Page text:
2.3. FUTURE DEVELOPMENT OF THE NUCLEAR POWER SECTOR
2.3.1. Nuclear power development strategy
The uncertainty of energy supplies and their increasing cost are severely affecting the growth of Jordan’s economy and the security of energy supplies. As Jordan currently imports more than 98% of its energy needs, the development of secure alternative energy supplies is a top priority. Jordan has limited options to substitute oil products. The main option is imported natural gas, which is a short to medium term option and cannot be relied upon for the long. Consequently, natural gas should be used as a flexible source in the future to address peak demand. In the interim, renewable energy will be developed to the fullest possible extent. Oil shale is a medium term solution that can be used to generate electricity.
Jordan’s energy strategy aims to achieve a sustainable energy system through the diversification of energy resources and maximum use of indigenous energy resources. Jordan’s dependence on a single source of energy to produce electricity has made its economy susceptible to frequent shocks. In the energy strategy adopted, nuclear is viewed as a viable alternative for producing electricity accounting for 20% of the energy mix. Furthermore, Jordan enjoys vast unexploited deposits of uranium that can be used as feed material for its nuclear fuel.
Since 2001, Jordan has developed a national strategy for civilian nuclear power that aims to:
Ensure the security of energy supply;
Diversify the sources for electricity generation;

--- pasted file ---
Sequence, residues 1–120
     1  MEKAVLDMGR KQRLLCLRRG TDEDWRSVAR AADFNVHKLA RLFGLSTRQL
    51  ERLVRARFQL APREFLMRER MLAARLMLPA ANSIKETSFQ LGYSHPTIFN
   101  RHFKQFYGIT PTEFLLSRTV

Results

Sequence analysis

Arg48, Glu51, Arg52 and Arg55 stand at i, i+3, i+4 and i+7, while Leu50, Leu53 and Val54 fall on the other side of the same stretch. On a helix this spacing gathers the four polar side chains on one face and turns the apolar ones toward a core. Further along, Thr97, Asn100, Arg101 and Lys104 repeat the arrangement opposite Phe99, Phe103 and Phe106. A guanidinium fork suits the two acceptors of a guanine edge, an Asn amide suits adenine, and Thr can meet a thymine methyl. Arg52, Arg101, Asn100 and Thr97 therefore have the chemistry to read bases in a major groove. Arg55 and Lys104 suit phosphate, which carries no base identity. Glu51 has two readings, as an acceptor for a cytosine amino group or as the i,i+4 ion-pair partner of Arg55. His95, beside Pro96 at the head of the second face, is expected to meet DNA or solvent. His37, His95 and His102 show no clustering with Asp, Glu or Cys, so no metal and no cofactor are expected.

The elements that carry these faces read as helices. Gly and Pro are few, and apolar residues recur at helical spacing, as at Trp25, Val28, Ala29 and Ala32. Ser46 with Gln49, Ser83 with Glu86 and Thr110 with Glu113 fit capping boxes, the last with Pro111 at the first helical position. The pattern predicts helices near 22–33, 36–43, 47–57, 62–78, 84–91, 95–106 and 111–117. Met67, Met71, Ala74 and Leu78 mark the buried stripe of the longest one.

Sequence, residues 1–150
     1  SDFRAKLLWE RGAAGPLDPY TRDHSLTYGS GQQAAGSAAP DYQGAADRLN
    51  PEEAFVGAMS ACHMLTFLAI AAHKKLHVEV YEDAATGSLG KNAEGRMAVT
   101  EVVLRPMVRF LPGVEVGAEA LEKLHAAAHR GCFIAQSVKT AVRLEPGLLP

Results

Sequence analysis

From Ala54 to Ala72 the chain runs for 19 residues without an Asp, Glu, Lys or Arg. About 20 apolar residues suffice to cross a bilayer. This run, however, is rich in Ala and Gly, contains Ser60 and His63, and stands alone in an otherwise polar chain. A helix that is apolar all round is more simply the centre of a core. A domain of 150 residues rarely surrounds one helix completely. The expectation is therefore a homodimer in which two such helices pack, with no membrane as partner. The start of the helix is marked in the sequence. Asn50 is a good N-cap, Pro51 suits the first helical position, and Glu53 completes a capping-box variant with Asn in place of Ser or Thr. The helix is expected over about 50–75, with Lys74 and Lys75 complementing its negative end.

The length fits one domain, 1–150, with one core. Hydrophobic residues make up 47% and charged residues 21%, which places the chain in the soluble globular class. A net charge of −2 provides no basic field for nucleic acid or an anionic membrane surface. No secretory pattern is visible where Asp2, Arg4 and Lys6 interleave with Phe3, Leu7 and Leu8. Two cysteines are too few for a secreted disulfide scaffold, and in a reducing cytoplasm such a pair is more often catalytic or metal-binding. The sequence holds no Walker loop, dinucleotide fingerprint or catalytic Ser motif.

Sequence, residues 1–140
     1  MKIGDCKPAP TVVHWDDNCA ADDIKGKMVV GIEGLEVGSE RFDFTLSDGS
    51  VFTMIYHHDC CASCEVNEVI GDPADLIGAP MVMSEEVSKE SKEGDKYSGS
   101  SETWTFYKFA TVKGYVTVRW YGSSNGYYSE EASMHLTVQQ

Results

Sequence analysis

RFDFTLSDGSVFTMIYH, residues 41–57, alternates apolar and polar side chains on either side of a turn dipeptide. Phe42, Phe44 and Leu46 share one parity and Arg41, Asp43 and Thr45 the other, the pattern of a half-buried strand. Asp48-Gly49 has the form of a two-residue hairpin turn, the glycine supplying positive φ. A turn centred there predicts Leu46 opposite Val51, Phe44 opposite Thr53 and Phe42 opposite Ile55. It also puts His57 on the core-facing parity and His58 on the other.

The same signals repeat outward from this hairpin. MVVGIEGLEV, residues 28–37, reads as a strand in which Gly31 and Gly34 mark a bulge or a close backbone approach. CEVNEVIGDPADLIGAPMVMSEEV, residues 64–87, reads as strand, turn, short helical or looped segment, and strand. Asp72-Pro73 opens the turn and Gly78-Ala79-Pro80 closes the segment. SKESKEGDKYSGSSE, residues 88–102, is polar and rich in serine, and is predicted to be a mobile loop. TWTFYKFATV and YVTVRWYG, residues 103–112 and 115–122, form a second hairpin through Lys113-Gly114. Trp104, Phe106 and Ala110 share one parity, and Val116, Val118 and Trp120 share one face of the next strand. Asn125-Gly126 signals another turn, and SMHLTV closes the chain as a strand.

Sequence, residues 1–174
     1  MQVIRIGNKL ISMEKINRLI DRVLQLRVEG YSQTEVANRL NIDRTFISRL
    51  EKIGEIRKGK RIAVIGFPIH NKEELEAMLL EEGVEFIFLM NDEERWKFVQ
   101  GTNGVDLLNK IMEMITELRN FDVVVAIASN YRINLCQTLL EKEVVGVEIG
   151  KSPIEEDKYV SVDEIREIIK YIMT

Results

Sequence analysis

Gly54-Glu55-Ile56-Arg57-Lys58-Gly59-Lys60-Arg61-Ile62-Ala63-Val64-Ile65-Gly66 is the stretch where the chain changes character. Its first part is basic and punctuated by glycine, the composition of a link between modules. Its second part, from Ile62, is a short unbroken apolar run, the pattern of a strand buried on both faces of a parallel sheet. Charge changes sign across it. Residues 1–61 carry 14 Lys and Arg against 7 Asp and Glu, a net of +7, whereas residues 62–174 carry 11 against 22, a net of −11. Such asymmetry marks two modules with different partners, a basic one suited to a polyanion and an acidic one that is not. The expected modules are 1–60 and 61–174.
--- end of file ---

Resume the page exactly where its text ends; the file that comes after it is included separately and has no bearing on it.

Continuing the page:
Provide a competitive energy source;
Reduce the amount paid for imported fossil fuels;
Exploit the national uranium resources;
Encourage partnerships between the public and private sectors;
Ensure the transfer of optimum technology and national worker contributions;
Develop industries related to the energy sector;
Reduce the greenhouse gas emissions from power generation.
JAEC has carried out studies regarding site characterization and the environmental impact assessment, as well as a grid study, an electricity market research study, a cooling system optimization study and a study of financing options.
In 2011, JAEC issued a bid invitation specification to three potential NPP technology suppliers to build Jordan’s first NPP. Based on a competitive bidding process, the Government of Jordan selected the State Atomic Energy Corporation “Rosatom” (the joint-stock company Atomstroyexport (ASE)) and Rusatom Overseas (RAOS) as the preferred bidder (technology vendor, investor and operator). On behalf of the Government of Japan, JAEC signed the project development agreement with RAOS on 22 September 2014. The agreement identifies project specific activities to be carried out by both parties during the development phase as well as specific criteria for the investment decision.
On 24 March 2015, the Government of Jordan and the Government of the Russian Federation signed an inter-governmental agreement on cooperation for the construction and operation of the NPP.
The proposed NPP will be composed of two pressurized water reactors based on the Russian AES-92 (WWER-1000 design). This design is a Generation III+ advanced reactor with the highest nuclear safety and security standards.